By Oct. 28, the worker wasn’t able to work and she felt that the Quebec chiropractor would be able to help her. She decided to take the Oct. 29 flight.

Sick leave

The worker emailed the city saying she couldn’t work due to illness and flew to Quebec. The city’s benefit agreement allowed workers to claim up to five consecutive days of sickness and accident (S & A) benefits without medical documentation.

The next day, the worker emailed from Quebec saying she was still sick.

On Oct. 31, the city rescinded the worker’s layoff notice. The worker indicated that she was still sick but she would be back to work the following Monday. She also requested to go back on the weekend shift, making her next scheduled shift on Nov. 8.

The worker’s chiropractor treated her on Nov. 5 and she returned to Calgary to report for work on Nov. 8. She was laid off on Dec. 22.

Investigation into sick leave

In late 2019, the city’s HR business partner heard that the worker might have been on vacation while claiming S & A benefits. The corporate security department investigated, although the worker wasn’t interviewed until she was recalled in April 2020.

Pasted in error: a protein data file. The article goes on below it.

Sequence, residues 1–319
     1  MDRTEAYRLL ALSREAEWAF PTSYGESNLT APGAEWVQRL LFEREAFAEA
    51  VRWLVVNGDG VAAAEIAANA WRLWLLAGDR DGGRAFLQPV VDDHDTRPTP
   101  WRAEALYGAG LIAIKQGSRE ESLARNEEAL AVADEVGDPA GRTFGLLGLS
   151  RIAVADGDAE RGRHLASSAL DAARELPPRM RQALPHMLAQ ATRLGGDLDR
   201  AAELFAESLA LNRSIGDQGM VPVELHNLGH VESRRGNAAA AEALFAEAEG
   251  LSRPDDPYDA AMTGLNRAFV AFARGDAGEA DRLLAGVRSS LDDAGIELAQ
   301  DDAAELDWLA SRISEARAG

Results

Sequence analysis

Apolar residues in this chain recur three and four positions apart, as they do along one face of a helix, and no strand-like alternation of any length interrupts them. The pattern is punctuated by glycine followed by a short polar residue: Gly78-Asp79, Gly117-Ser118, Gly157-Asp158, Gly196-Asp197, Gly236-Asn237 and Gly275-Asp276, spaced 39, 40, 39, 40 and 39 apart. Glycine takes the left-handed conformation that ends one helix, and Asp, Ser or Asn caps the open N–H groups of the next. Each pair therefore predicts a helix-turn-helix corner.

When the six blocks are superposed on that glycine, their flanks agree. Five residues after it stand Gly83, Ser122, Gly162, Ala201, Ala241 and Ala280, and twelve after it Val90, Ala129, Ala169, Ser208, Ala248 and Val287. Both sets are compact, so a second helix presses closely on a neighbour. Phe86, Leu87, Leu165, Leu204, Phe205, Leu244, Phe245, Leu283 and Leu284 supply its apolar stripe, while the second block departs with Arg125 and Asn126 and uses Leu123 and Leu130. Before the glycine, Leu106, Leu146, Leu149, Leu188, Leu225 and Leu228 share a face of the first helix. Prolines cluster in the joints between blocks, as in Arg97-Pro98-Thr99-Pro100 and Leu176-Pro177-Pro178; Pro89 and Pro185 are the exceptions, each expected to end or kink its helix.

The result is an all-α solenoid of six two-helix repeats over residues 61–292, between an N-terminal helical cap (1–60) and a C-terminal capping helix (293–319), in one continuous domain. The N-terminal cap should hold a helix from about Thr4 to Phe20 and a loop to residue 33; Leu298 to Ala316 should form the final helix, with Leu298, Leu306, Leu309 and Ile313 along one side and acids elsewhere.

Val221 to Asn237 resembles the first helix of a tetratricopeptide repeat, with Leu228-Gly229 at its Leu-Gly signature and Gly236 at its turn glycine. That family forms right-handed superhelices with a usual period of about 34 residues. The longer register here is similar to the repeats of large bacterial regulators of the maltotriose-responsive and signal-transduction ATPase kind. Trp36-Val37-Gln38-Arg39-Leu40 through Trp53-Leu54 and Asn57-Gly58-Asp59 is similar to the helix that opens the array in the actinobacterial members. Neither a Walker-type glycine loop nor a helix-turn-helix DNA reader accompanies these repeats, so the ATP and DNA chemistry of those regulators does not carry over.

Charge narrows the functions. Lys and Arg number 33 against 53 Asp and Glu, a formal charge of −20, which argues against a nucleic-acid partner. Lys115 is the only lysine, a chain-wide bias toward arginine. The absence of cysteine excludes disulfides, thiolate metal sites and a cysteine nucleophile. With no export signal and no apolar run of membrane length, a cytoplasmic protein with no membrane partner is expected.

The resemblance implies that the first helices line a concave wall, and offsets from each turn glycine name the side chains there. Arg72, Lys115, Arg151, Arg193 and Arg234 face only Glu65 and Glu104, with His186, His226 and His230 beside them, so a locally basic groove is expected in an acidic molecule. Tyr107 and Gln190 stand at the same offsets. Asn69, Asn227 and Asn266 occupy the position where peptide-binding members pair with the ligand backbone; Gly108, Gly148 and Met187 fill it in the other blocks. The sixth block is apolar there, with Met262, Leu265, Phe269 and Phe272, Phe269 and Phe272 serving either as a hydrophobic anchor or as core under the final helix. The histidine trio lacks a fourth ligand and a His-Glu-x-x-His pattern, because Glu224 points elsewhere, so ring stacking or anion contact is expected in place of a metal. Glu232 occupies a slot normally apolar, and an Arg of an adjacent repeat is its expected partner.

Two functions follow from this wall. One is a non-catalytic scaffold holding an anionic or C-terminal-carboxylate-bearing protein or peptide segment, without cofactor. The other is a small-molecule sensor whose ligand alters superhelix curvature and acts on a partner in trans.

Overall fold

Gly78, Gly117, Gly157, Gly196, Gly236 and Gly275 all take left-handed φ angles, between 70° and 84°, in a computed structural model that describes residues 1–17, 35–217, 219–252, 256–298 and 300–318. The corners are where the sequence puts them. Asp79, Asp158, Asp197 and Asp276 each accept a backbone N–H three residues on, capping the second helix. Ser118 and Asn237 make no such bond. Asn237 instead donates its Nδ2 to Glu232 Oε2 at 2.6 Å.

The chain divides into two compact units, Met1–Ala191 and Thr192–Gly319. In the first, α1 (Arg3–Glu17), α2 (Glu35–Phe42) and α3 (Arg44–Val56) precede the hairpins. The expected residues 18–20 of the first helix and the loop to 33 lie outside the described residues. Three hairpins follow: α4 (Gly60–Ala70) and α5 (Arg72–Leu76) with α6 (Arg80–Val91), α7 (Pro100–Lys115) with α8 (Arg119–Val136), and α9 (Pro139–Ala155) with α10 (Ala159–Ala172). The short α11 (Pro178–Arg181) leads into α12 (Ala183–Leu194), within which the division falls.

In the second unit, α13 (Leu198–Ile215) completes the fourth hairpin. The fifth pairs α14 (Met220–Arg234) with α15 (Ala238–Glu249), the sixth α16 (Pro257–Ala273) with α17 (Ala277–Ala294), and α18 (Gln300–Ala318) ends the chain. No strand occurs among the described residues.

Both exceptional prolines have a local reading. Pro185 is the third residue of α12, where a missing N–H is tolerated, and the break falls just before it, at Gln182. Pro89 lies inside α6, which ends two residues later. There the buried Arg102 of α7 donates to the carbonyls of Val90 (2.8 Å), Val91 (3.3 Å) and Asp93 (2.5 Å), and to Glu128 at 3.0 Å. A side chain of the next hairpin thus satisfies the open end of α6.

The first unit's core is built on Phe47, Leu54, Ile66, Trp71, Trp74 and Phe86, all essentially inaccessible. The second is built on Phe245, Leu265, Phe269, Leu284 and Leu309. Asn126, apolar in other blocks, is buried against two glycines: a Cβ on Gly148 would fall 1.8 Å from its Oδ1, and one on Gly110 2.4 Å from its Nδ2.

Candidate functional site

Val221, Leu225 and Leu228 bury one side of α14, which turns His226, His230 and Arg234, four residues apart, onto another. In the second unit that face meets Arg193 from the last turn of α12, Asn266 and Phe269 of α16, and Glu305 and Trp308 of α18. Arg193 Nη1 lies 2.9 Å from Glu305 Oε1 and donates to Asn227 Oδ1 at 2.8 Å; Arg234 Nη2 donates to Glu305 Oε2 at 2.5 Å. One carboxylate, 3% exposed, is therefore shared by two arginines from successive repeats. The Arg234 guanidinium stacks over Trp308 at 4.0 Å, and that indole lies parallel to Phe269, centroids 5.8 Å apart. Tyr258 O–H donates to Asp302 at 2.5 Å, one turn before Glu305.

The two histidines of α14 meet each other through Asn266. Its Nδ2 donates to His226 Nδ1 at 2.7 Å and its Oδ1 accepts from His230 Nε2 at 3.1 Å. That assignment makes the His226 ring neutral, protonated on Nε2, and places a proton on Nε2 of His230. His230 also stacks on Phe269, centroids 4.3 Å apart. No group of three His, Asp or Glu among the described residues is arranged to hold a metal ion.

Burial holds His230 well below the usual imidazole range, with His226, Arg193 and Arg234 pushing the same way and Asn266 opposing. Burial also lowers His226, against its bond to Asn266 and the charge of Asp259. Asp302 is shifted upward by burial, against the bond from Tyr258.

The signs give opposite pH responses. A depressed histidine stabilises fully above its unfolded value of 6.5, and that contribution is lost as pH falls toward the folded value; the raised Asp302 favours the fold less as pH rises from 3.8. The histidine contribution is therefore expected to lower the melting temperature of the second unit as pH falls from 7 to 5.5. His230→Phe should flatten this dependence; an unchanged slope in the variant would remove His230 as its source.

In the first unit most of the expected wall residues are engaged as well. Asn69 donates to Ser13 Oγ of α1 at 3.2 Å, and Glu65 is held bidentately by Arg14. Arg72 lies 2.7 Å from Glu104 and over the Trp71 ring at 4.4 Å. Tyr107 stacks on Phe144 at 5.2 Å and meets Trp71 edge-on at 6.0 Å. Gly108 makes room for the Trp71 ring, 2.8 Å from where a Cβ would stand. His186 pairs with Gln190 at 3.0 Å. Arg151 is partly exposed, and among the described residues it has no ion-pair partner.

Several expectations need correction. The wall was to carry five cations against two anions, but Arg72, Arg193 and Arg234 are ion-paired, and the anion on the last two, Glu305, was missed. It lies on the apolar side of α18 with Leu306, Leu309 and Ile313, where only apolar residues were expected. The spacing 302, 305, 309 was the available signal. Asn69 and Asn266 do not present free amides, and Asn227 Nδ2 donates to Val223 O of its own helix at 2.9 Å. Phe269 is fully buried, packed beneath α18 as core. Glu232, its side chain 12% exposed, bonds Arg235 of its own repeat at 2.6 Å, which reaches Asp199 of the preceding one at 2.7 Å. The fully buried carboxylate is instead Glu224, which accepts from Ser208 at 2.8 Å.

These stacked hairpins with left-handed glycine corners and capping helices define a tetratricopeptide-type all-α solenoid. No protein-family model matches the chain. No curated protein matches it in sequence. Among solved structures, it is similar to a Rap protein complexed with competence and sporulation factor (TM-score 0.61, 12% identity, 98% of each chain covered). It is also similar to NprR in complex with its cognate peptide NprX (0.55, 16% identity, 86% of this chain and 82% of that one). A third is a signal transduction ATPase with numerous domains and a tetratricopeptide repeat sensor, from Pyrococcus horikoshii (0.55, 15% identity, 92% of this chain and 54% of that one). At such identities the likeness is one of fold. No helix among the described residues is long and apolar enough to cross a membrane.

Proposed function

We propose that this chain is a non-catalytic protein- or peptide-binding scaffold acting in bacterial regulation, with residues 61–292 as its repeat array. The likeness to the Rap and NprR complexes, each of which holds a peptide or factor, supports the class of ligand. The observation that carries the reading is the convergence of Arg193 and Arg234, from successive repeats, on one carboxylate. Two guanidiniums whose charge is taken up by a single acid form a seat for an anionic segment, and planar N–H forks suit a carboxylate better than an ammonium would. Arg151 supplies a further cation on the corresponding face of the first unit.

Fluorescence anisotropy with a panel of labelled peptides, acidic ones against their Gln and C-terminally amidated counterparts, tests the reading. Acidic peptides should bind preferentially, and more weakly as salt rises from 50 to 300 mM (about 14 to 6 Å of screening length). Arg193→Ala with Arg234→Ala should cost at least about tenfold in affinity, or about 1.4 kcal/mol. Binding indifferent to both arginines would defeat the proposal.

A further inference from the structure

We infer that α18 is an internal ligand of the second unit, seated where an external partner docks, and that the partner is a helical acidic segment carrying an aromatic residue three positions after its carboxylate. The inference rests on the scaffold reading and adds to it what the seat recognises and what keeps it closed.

The worker acknowledged being in Quebec when she was on sick leave and said that she had booked a last-minute flight. She also said that she had been sick and didn’t want to “go to work and infect others.”

The corporate security department determined that there was insufficient evidence of benefit fraud but found that the worker had breached the city’s labour relations policy relating to “malfeasance.”

The HR business partner disagreed that there was no fraud, as the benefit agreement provided to employees stated that they were expected to stay at their normal place of residence while receiving S & A benefits. On June 3, 2020, the city terminated the worker’s employment – the termination letter erroneously stated that the corporate security department concluded there was fraud – as she had been unable to provide a reasonable explanation for going to Quebec while telling the city that she was sick.

In September, the worker emailed the parks manager to say that she had travelled to Quebec to see her chiropractor and provided a note with the chiropractor’s diagnosis. The city didn’t believe it because the plane ticket had been booked months earlier.